During the following decades, Rohlfs’s Rohlfs, Friedrich Gerhard interests shifted to the eastern Sahara. When the German colonial office asked him to visit the Kingdom of Bornu Bornu , on the southwest side of Lake Chad, on a diplomatic mission, he urged his government to send fellow countryman Gustav Nachtigal Nachtigal, Gustav in his place. A doctor whose lung problems had led him to seek the dry climate of North Africa, Nachtigal gladly undertook the mission. He departed from the Mediterranean coast in February, 1869, passed through Marzuq, and paid a perilous visit to the oasis of Tibesti (now in Chad). Nachtigal eventually reached Bornu, which his diplomatic skills allowed him to use as a base for further exploration over the next few years. On the final leg of these journeys, he traveled eastward to Khartoum Khartoum on the Nile River, which he reached in 1874.

Significance

North Africa’s European explorers displayed a keen desire to share their discoveries with the rest of the world by recording their experiences and observations in often encyclopedic detail. Barth’s Barth, Heinrich account of his ten-thousand-mile, six-year journey, Reisen und entdeckungen in Nord- und Central-Afrika in den jahren 1849 bi 1855 (1857-1858; Travels and Discoveries in North and Central Africa, 1859), describes his identification of prehistoric and Roman habitations, the sophisticated customs and occasional hostility of the native peoples, and the nearly unbearable heat of the desert. Nachtigal Nachtigal, Gustav produced an equally extensive record in Saharâ und Sûdân (1879-1881; Sahara and Sudan, 1971-1975).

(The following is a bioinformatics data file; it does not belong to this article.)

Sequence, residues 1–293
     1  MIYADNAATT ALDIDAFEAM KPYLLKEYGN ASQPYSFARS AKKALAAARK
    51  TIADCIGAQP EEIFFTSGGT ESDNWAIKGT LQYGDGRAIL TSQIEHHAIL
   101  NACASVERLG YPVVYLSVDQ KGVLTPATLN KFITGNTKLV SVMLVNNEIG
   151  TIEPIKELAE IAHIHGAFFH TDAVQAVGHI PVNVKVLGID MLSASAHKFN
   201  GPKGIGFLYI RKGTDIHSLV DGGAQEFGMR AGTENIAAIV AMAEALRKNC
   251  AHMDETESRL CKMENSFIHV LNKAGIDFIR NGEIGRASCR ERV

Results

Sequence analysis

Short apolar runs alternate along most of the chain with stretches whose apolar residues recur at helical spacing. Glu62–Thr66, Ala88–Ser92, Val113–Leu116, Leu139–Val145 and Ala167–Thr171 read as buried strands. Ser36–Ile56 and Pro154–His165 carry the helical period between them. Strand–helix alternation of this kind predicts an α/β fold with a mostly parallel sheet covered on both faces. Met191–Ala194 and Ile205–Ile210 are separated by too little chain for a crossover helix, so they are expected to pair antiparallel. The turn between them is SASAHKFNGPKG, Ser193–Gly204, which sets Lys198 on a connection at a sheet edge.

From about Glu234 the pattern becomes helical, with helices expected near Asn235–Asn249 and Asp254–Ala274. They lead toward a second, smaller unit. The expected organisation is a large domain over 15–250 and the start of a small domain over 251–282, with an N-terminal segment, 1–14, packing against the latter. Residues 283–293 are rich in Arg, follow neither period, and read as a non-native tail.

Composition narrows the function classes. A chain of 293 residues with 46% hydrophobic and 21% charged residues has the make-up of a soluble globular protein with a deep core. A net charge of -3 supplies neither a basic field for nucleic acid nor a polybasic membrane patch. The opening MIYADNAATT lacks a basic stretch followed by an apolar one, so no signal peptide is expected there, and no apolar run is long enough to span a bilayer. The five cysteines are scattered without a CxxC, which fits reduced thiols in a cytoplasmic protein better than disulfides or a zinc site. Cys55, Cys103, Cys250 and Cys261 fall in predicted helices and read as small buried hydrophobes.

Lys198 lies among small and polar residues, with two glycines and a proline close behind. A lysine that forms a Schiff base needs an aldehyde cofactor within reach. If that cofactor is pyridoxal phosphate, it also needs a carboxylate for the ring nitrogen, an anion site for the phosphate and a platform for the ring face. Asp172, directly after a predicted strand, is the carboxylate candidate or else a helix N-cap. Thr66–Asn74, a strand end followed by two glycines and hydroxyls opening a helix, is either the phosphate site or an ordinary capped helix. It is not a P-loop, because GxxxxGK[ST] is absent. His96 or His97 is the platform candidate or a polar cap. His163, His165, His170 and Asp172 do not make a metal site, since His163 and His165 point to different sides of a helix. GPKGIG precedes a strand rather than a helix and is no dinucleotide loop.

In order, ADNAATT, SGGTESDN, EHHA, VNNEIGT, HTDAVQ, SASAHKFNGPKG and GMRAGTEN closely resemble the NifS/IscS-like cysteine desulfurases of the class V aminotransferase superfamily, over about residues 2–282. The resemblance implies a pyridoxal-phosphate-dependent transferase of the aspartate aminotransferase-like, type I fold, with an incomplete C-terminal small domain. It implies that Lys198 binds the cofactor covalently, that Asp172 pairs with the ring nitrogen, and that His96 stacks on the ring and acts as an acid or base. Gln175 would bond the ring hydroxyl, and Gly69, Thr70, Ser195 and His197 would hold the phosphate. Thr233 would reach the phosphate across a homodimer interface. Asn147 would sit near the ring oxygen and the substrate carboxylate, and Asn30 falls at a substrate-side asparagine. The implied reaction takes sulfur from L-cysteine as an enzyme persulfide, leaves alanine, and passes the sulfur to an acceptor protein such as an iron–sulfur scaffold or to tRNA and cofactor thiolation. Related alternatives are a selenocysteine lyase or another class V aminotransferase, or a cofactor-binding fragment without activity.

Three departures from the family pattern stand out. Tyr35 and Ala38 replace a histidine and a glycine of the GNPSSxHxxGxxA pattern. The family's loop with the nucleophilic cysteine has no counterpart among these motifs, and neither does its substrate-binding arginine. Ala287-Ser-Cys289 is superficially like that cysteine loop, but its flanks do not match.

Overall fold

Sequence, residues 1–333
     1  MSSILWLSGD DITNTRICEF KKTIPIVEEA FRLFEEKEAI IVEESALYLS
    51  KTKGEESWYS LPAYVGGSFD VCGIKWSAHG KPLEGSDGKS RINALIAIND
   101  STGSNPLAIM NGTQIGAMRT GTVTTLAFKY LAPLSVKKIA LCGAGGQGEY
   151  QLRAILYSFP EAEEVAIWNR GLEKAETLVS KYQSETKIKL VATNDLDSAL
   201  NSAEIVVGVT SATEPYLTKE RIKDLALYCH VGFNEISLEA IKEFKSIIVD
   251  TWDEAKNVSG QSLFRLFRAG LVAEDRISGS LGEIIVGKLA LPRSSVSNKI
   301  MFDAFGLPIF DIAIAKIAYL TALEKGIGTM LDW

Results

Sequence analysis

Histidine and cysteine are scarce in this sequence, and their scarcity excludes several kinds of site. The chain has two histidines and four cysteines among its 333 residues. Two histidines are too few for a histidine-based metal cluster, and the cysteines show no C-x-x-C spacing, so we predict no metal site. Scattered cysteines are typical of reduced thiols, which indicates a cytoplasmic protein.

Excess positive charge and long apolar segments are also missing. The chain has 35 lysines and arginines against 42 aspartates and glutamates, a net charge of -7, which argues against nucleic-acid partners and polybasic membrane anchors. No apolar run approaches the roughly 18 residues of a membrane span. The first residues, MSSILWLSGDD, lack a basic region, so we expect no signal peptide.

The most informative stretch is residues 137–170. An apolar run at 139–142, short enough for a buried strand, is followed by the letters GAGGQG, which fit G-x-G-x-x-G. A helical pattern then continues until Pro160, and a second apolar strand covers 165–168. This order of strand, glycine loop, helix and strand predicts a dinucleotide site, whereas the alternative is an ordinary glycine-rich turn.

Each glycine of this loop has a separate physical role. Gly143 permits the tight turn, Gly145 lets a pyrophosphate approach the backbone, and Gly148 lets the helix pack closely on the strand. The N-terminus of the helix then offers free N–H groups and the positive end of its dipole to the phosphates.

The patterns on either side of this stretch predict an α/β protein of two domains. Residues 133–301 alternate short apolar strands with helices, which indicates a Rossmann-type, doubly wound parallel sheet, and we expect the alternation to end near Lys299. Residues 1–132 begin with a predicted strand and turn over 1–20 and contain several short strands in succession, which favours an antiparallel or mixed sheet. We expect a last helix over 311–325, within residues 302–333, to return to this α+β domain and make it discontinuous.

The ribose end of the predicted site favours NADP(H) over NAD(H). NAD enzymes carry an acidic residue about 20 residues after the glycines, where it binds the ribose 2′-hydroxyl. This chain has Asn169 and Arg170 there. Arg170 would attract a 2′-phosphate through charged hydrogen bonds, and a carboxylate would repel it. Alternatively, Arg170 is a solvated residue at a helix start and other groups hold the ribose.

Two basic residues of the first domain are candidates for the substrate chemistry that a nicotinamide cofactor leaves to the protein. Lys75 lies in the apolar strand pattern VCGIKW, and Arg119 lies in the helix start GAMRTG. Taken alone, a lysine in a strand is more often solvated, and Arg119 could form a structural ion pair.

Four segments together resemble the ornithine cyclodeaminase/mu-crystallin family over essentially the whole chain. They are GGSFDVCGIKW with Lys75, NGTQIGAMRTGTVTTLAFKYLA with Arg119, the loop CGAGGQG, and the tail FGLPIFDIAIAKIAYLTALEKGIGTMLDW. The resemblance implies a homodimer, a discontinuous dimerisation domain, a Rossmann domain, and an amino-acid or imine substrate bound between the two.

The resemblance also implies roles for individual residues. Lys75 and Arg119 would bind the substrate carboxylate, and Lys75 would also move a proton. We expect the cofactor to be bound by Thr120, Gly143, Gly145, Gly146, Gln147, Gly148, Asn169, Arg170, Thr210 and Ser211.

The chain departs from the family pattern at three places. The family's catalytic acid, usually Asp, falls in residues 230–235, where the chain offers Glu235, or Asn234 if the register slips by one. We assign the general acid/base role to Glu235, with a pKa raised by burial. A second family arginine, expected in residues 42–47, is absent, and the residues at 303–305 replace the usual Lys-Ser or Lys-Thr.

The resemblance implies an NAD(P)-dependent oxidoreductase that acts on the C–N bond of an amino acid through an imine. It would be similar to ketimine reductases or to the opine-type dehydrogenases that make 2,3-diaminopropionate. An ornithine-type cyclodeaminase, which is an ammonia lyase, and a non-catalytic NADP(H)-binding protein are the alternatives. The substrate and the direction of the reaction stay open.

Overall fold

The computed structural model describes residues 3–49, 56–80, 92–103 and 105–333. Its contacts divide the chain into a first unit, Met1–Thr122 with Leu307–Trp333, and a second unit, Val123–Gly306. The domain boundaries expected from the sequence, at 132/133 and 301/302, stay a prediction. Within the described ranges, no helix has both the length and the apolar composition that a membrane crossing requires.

By the time Nachtigal’s work was published, the broad outlines of North African geography had been established, paving the way for European imperial ambitions. Nachtigal’s later career illustrates this shift clearly, as he joined the Kolonialverein, an organization devoted to the encouragement of German colonization. He was also later involved in the sometimes forceful establishment of colonies in western and southwestern Africa.